Recon Instruments is known for rivalling Google Glass with its own AR glasses, Recon Jet. The tech firm also developed heads-up displays and other AR tech marketed as smart sports eyewear. Now, Intel will benefit from Recon’s discoveries. Intel has just acquired the Vancouver-based AR company for an alleged $175 million USD. The entirety of Recon’s 75-member work force will now be under Intel’s New Devices Group, which focuses on wearable tech. Intel could also use its newly acquired technology for integration into Internet of Things-ready devices.
Intel is looking to up its ante in the wearables market. In a similar buying spree, Intel snapped up smartwatch manufacturer, Basis, and secured a deal with Luxottica luxury eyewear provider. Intel even has a deal with fashion house Opening Ceremony to develop smart bracelets.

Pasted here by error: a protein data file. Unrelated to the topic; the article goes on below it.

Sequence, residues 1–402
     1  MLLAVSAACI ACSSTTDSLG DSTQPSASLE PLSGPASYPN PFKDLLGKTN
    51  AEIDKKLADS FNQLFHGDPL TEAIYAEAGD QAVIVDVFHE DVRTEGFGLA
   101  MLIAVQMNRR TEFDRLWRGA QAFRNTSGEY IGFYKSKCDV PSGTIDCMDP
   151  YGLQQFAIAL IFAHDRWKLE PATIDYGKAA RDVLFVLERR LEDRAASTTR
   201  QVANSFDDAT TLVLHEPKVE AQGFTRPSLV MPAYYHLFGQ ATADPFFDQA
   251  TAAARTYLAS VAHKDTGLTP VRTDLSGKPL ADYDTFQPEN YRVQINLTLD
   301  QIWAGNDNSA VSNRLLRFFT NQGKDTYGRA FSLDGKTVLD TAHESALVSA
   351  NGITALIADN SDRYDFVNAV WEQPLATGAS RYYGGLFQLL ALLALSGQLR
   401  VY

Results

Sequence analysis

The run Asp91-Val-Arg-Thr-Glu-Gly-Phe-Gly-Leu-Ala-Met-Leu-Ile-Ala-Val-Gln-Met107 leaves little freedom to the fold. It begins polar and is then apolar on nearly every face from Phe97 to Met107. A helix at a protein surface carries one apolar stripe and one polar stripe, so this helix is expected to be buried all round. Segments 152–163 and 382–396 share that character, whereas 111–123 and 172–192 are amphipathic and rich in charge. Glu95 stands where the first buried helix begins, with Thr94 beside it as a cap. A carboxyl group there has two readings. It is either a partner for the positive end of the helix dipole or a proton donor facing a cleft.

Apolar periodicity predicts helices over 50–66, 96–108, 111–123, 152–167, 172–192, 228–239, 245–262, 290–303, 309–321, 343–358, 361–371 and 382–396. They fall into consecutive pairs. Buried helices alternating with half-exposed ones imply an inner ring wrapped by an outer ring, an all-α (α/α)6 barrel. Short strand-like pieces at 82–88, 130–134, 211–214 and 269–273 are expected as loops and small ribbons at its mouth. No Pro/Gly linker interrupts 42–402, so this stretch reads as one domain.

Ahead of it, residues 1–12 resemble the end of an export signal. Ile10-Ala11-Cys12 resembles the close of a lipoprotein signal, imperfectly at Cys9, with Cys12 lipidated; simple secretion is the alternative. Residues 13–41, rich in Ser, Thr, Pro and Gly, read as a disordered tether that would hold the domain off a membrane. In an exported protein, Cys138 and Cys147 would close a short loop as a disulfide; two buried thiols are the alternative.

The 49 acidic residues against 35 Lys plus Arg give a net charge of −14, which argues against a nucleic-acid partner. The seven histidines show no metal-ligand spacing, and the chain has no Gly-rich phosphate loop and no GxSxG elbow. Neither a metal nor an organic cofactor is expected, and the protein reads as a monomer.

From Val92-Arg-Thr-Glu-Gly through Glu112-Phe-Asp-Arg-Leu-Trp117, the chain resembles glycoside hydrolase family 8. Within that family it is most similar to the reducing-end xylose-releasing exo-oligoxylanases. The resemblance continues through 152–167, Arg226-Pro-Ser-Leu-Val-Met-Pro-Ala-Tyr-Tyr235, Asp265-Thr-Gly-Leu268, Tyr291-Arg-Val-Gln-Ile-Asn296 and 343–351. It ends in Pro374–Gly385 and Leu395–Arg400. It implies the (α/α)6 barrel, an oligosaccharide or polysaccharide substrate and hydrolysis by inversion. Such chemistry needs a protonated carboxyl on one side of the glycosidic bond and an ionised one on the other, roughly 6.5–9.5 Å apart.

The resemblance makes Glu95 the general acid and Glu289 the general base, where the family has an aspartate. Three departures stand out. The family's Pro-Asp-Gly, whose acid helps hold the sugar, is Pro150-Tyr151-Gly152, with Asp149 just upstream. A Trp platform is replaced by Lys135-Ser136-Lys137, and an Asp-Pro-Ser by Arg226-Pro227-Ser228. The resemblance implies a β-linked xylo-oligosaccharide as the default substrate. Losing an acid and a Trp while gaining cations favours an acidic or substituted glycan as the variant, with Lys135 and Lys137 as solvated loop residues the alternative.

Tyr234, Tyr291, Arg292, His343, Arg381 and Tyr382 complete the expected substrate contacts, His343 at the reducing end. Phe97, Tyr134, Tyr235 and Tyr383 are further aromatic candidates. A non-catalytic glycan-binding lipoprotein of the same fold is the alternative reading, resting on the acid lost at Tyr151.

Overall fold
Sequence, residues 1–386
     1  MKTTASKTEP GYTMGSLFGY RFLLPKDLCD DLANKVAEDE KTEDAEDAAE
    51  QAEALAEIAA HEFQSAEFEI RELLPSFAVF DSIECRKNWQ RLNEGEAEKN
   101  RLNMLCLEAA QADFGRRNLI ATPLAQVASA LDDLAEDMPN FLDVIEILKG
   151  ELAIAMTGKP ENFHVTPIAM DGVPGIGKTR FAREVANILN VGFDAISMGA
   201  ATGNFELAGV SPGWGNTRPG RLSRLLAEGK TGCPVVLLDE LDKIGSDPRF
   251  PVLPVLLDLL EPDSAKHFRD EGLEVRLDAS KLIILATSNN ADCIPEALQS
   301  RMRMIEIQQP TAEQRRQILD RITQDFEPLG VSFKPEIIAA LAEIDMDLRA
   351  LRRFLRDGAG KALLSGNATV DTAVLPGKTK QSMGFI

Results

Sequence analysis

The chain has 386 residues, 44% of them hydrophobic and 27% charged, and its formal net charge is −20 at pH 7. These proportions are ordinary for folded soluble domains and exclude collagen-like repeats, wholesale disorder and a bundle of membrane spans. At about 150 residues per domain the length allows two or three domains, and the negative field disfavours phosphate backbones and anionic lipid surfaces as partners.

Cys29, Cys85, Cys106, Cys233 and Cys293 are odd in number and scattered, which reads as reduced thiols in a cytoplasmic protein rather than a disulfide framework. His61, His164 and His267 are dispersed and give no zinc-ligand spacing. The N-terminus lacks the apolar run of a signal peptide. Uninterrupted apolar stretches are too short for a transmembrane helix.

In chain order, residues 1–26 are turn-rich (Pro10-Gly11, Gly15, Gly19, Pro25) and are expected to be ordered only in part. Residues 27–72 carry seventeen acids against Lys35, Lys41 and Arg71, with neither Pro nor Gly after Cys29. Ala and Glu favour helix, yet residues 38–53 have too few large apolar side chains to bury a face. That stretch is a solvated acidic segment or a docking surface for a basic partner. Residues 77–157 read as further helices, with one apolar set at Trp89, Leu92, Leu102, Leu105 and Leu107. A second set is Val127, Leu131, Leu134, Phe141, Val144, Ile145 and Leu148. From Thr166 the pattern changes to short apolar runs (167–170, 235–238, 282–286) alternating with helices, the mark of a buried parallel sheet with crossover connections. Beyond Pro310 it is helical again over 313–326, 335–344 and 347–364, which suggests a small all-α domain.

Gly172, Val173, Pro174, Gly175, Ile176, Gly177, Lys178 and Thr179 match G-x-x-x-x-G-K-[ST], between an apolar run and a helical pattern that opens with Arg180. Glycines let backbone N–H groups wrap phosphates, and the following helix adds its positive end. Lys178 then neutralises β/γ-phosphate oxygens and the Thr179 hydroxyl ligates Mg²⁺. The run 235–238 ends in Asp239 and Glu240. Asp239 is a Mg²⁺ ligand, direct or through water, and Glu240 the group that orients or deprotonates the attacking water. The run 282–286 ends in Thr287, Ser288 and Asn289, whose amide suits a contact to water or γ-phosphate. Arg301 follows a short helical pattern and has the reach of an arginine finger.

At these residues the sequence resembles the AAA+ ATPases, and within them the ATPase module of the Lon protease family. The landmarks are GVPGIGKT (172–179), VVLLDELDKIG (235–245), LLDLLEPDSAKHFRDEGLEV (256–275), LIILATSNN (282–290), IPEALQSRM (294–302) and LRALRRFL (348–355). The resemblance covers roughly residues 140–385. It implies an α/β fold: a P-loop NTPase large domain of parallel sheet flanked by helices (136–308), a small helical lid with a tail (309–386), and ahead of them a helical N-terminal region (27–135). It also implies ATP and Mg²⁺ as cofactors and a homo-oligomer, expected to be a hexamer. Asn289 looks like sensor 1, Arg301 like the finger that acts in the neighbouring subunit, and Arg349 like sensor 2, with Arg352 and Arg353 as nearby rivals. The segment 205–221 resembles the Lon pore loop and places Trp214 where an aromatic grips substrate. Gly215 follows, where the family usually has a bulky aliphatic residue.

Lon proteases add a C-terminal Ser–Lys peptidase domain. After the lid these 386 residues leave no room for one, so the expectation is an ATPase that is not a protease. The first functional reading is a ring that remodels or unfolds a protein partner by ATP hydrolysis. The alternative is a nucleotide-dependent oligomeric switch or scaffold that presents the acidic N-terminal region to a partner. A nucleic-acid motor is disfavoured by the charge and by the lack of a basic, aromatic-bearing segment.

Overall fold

According to Recon’s co-founder, Dan Eisenhardt, it will give the company direct access to Intel semiconductors, allowing them to expand their developments. Consumers will still be able to purchase Recon wearables such as the Recon Jet cycling sunglasses or the Recon Snow2 AR ski goggles.
Wearables are still a new market. The concept has proven difficult for consumers to wrap their heads around. Google Glass failed to become the futuristic headset that would catapult society into the future. Apple Watch, on the other hand, is breaking down barriers in the wearables market, almost readying the minds of consumers for other wearable purchases. If wearables move from a niche market to mainstream; then, Intel will have a leg up on the competition from its foresight. If wearables are just an ephemeral tech fad; then at least Intel has new IP it can work with and apply to other devices, aside from wearables.
Check out a video of Recon Jet’s capabilities in action on a bike courier.